There was much to admire in the performance of the Duruflé Requiem. This is a serene and beautiful composition, not so much based on Gregorian chant as suffused with those timeless melodies from start to finish. The choir sang the music with great commitment and skill but there were a couple of problems with the performance. Christopher Allsop is a very fine organist indeed and I’m sure he was following the composer’s dynamics throughout. However, quite often, especially in the opening movements, the hefty sound of the Gloucester Cathedral organ tended to overwhelm the choir when they were singing softly. This was apparent to me even though my seat was close to the front. The choir was not at fault here – I know they were observing the dynamics scrupulously; the issue was that the organ should have been scaled back somewhat to take account of the relatively small number of singers involved. Elsewhere, though, Mr Allsop was most sympathetic and imaginative in his playing: he conjured some exquisite pastel colours from the instrument in the ‘Lux aeterna’, where he also imparted a seamless flow to the music, and in the concluding ‘In Paradisum’ the organ was ideally balanced with the singers, contributing to a highly atmospheric end to the work. It was noticeable that when the choir was singing flat out – in parts of the Offertoire or in the ‘Dies irae’ section of the ‘Libera me’ – they had no trouble in projecting the choral sound against the full might of the organ.

The Requiem calls for two soloists and tonight both were drawn from the choir. They were not named in the programme – they should have been – so I don’t know who sang the eloquent ‘Pie Jesu’. The score specifies a mezzo-soprano but tonight’s soloist was a member of the soprano section. She sang from the organ screen, high above the nave. The solo was beautifully delivered; the singer was able to encompass the entire range of the part with seeming ease and her voice carried down the cathedral in an ideal fashion.  Duruflé actually states in a note in the score that it is ‘preferable’ that the two baritone solos should be sung by all the baritones and second tenors, though it’s far from unusual for a single voice to be used. This performance offered a halfway house. In the Offertoire a solo baritone was used. This was Bill Armiger, a former lay clerk in the cathedral choir. He made a very fine job of the solo, seemingly untroubled by the demanding tessitura. The second solo, which occurs in the ‘Libera me’ is shorter and tonight all the basses sang it. This didn’t quite work. The basses had been divided into two groups of three, one group at either side of the choir, and this positioning probably explains why the singing wasn’t completely unanimous. I think it would have been preferable to leave these phrases to Bill Armiger.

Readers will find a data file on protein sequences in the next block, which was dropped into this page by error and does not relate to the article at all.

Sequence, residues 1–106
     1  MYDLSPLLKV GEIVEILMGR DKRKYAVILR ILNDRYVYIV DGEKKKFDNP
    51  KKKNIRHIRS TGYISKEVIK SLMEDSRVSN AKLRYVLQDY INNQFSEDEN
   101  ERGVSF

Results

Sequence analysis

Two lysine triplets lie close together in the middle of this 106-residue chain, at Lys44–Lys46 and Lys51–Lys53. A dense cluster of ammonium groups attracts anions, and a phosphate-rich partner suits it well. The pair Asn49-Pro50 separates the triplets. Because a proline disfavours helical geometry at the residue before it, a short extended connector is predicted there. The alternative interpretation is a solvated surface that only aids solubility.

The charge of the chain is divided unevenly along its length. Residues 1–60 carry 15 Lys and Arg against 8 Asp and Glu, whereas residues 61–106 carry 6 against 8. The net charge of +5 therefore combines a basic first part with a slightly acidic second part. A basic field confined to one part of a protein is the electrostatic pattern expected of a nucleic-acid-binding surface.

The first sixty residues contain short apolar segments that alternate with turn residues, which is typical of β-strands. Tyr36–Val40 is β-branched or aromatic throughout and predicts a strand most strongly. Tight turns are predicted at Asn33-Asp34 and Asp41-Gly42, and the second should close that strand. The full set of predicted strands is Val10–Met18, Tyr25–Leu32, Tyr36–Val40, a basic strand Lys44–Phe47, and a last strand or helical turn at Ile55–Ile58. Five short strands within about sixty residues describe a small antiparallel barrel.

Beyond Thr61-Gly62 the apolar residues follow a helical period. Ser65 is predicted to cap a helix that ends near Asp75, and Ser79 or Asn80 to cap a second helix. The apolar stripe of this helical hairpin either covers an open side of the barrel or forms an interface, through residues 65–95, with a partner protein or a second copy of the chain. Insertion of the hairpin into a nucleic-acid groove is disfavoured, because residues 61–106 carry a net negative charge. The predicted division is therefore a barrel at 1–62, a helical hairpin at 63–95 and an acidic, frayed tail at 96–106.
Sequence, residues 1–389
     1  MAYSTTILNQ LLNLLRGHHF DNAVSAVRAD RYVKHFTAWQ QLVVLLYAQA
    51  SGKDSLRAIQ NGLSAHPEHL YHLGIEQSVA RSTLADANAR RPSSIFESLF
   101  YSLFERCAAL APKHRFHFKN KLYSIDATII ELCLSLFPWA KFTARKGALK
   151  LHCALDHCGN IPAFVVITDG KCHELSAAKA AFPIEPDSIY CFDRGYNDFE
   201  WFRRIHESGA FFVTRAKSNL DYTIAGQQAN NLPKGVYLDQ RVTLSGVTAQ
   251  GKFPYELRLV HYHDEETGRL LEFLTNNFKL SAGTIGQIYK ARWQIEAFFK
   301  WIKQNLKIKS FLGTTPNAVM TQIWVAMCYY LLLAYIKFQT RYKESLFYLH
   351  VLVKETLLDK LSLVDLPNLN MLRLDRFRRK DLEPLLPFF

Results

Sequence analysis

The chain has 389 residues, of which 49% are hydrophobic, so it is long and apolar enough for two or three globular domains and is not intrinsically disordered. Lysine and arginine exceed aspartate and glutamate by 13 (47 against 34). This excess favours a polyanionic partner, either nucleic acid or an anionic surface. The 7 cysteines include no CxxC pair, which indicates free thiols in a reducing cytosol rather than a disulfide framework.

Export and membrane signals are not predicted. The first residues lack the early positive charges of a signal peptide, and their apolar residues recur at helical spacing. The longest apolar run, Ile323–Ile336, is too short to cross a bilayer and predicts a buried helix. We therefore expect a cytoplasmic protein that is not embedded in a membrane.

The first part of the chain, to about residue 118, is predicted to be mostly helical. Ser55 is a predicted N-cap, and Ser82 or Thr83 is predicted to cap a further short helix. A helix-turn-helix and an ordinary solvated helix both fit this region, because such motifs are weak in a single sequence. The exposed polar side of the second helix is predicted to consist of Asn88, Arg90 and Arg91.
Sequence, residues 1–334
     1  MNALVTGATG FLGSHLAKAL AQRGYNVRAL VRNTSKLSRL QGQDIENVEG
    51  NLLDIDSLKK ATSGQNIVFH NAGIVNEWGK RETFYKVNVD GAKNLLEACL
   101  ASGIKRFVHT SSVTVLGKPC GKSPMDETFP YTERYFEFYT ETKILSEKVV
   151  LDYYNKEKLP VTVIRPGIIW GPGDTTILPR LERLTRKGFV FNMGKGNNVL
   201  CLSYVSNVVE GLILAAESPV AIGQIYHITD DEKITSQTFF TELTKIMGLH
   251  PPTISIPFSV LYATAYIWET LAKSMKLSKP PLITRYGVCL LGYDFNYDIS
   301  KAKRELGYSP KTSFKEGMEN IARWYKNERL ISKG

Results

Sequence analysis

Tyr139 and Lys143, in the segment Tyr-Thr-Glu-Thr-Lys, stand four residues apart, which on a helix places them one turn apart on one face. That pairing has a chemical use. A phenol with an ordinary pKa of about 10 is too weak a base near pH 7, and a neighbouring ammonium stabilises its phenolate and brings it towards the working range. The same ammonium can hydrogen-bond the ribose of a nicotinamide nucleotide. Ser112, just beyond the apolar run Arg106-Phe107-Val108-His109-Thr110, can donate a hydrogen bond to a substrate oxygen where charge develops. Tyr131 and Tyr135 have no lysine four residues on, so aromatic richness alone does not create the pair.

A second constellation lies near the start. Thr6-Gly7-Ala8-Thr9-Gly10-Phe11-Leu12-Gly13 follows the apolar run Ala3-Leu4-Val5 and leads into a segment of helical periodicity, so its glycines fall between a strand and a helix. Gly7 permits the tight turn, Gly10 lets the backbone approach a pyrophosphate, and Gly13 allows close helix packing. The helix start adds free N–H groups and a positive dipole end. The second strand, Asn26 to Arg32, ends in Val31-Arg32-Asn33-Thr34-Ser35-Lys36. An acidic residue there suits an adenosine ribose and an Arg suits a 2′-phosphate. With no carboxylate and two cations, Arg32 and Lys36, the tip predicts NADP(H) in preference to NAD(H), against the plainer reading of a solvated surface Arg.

As I commented earlier, the choir’s attention to dynamics was exemplary throughout the performance and their control of line was equally impressive. Jonathan Hope clearly had the score at his fingertips and he drew a very convincing performance from his performers, allowing the music to flow in an ideal fashion. The Requiem is mainly contemplative in nature and so there aren’t many dramatic passages in it but those that do occur were thrust home with great impact. Overall, this was a worthy tribute to the choir’s founder.

Indeed, had he been present I’m sure Donald Hunt would have been thrilled by the technical proficiency and by the level of engagement with the music which the Saint Cecilia Singers of today achieved during this concert. The choir makes a fine sound and blends well. The only reservation, I think, is that the tenor section sounded underpowered this evening. The tenors made a nice sound but there weren’t enough of them, especially given that the choir includes many strong voices. However, the choir founded seventy years ago is in fine fettle today and this concert was typical of the high standards I’ve experienced at concerts by the group over the years.

Tonight’s programme looked back, and rightly so. However, the Saint Cecilia Singers are notable champions of music by living composers; their premiere of Philip Lancaster’s War Passion not long ago was such an example (review). I look forward with keen anticipation, therefore, to their unveiling of Neil Cox’s Requiem Canticles early on in their eighth decade of music-making.

John Quinn